Profile: David Allen

Profile: David Allen

■ BY SUE ERWIN

There’s a hardworking, friendly new park ranger at Gasparilla Island State Park. David Allen’s most recent project was filling in the dreadful potholes surrounding the entrance to the park. The area is now smooth and ready for seasonal residents and guests.

David grew up in Sodus, New York, a small town in upstate New York between Rochester and Syracuse. After graduating from high school, he joined the United States Marines and served for several years in administration in Paris Island. He did so well on the entrance examination that he was able to choose his duty station.

“I worked for the recruit training regiment,” he said. “I was in charge of the day-to-day planning.”

David’s mother lived in Cape Coral, which is what brought him to Florida in 2005. He enrolled in Florida Gulf Coast University in Fort Myers and earned a bachelor’s degree in business and marketing management.

He worked in the garden center at Target Department Store in Port Charlotte while attending college, and he purchased a home in Port Charlotte after completing his education at FCGU and getting a job as a banker at Wachovia Bank. He eventually became a bank service manager at Wells Fargo Bank.

“I was there for the transition, and after a few years I decided to make a career change and went to work as a customer service manager for Winn Dixie in North Port.”

With a variety of background experience, David realized he wanted to work outdoors, and when he heard about the vacancy for a park ranger position from a friend, he applied.

“In college, I always took environmental courses for my electives, because I’ve always been interested in ecological systems and I love nature,” he said. “And I am very customer-service oriented, so I figured this position would be a good fit.”

And as it turns out, his inkling was right.

Even though it took several months to get a job offer, he patiently waited, and is now enjoying his position at Gasparilla Island State Park.

“I think being a veteran helped,” he said. “Bill and Rick (park rangers) are both veteran’s also, and I think they took that into consideration.”

As a Florida State Park ranger, David is responsible for the physical upkeep and maintenance of the parks, as well as removing and turning the park fees in to the administration. He said he is looking forward to interacting with the guests of the park during season. He’s also looking forward to working with Barrier Island Parks Society and the programs they host for the public.

“I love my job,” he said. “Although my background is very diverse, I’m still learning the job. There is always something new to learn. Bill, Rick and Joe have all been very helpful. We work as a unit and make a great team.”

Currently, David is splitting his workdays between Gasparilla Island State Park and Stump Pass State Park.

“I’m helping out there until they find a replacement for me at Stump Pass, and then I’ll be here full time,’ he said.

The parks system relies heavily on our volunteers.

David said the newly organized Friends of Stump Pass State Park organization has an active season planned, and members are excited to do some updates at the park.

One dangerous thing he has learned since he started working as a park ranger is that there are several kinds of poison ivy, and he is highly allergic.

“There is a vine type and then a kind with shiny leaves … so I just have to be careful and pay attention.”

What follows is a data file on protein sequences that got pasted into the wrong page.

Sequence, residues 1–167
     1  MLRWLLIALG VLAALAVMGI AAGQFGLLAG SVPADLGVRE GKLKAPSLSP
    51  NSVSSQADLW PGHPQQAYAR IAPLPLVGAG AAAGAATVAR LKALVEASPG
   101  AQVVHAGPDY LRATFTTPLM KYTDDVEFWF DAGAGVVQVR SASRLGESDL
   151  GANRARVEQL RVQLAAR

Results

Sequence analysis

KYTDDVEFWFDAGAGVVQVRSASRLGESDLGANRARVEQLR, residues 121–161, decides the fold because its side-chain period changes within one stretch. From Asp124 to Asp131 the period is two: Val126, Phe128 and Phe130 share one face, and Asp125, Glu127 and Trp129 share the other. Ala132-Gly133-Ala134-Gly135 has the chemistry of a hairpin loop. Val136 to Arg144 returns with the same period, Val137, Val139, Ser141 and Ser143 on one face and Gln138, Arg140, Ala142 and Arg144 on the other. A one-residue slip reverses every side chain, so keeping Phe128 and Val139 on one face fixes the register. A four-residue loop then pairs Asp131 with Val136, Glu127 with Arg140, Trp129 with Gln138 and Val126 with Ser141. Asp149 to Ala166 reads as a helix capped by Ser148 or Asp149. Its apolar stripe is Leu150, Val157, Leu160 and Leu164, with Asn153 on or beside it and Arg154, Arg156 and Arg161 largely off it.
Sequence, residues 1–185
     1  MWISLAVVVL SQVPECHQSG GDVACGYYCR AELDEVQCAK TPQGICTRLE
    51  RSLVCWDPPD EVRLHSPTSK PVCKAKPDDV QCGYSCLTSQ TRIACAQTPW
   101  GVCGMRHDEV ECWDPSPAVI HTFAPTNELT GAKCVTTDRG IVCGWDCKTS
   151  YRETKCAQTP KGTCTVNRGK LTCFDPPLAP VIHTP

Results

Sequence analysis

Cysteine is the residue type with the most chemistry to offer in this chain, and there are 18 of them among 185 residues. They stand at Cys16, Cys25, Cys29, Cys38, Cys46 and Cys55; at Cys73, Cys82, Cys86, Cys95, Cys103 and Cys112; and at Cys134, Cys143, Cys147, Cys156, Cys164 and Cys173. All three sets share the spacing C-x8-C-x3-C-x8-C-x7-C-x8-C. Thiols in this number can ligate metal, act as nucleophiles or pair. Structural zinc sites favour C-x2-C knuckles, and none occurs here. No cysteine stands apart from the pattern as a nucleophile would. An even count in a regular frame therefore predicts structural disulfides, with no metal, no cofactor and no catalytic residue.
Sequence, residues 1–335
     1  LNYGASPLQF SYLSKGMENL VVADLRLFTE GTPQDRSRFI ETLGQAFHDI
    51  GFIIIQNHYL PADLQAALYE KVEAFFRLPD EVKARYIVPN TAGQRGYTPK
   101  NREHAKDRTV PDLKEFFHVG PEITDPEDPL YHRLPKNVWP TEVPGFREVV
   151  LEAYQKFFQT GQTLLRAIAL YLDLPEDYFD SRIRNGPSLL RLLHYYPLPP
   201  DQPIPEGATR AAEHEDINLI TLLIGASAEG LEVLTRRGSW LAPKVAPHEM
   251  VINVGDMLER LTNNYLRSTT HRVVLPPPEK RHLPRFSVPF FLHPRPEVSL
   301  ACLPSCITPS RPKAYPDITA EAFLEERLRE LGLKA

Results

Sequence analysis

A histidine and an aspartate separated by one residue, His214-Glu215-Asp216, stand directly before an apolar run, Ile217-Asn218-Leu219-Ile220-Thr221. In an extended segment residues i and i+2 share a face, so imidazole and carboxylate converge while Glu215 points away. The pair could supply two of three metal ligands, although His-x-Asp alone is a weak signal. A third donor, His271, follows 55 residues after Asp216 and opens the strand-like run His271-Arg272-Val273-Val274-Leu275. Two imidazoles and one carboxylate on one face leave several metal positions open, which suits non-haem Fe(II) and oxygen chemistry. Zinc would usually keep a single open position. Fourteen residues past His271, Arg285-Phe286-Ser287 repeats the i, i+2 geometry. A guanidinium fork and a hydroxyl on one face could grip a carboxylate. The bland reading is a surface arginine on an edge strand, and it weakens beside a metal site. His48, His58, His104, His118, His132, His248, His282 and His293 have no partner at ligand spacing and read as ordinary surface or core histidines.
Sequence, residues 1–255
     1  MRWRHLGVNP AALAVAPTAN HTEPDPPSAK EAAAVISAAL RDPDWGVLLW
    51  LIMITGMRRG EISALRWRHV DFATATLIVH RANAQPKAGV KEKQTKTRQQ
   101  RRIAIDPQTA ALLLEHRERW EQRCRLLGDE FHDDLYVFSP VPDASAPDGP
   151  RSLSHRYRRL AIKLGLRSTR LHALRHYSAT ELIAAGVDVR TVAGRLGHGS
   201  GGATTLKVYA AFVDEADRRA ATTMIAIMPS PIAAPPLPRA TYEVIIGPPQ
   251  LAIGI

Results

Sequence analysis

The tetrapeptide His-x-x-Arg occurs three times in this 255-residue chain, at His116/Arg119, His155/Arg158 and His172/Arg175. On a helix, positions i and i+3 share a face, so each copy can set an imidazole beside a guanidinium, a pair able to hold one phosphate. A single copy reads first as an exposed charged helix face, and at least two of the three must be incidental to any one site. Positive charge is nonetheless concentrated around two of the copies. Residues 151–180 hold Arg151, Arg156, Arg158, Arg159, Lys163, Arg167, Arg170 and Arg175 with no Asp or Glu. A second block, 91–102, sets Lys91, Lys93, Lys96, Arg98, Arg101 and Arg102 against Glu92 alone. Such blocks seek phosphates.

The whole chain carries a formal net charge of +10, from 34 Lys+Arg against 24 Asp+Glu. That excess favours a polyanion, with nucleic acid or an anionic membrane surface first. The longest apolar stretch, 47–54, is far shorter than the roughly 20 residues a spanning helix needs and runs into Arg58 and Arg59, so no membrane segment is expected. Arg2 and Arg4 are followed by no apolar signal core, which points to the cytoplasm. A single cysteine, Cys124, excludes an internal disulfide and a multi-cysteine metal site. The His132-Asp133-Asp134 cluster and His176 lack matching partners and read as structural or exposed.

It’s also extremely dangerous to burn poison ivy.  Breathing in the smoke and fumes of burning poison ivy can be terribly caustic to the lungs, which he unfortunately learned when he was a kid.

David met his wife, Vicki, when the two worked together in Target in Port Charlotte.

They were married in 2015 at the First Baptist Church of Boca Grande, located at the corner of Park Street and Gilchrist Avenue. Pastor Gary Beatty officiated at the service.

Vicki is an admissions representative at Southwest Technical College in Port Charlotte.

Even before getting a job here, David and Vicki would come to the island to kayak and go to the beach and the restaurants

“My wife and I love this island,” he said. “We like to come here during the off-season … The locals here are always so nice. The employees are all very friendly. It’s a peaceful place to spend time.”

Both of David’s parents served in the United States Navy. He has two sisters, one older and one younger, and an older brother who works for the United States Department of Veterans Affairs and lives in Tennessee. The park ranger returns every October to visit his father in Sodus.

“Fall is my favorite time of year up north, and it’s what I miss the most,” he said. “Sodus is a farming town, and there are apple orchards everywhere — it’s a great place to go in October.”

David and Vicki do not have children yet, but they have three rabbits and two cats.

“The rabbits are all free range, so they all have their own rooms in the house, and the two cats we rescued are brothers, so they like to be together all the time.”

When he is not working, David keeps busy with projects at his house. He also enjoys sports like kayaking and fishing, and trying new restaurants in the area.

“It took me a while to get used to saltwater fishing. It’s very different than fishing in the lakes up north, but I have learned a lot from many of the local people who fish the back bay and the mangroves.”

They enjoy visiting other state parks around the state of Florida, especially some of the cold springs during the summer months.

“We like the natural springs parks like Rainbow River and Crystal River, and we like to go tubing at the parks that are north of Tampa,” he said.

Living so close to Charlotte Harbor, they also kayak in that area on a regular basis.

They also like to volunteer their time at local animal rescue centers.

“We love wildlife and enjoy going to the Peace River Wildlife Center when we have a day off together.”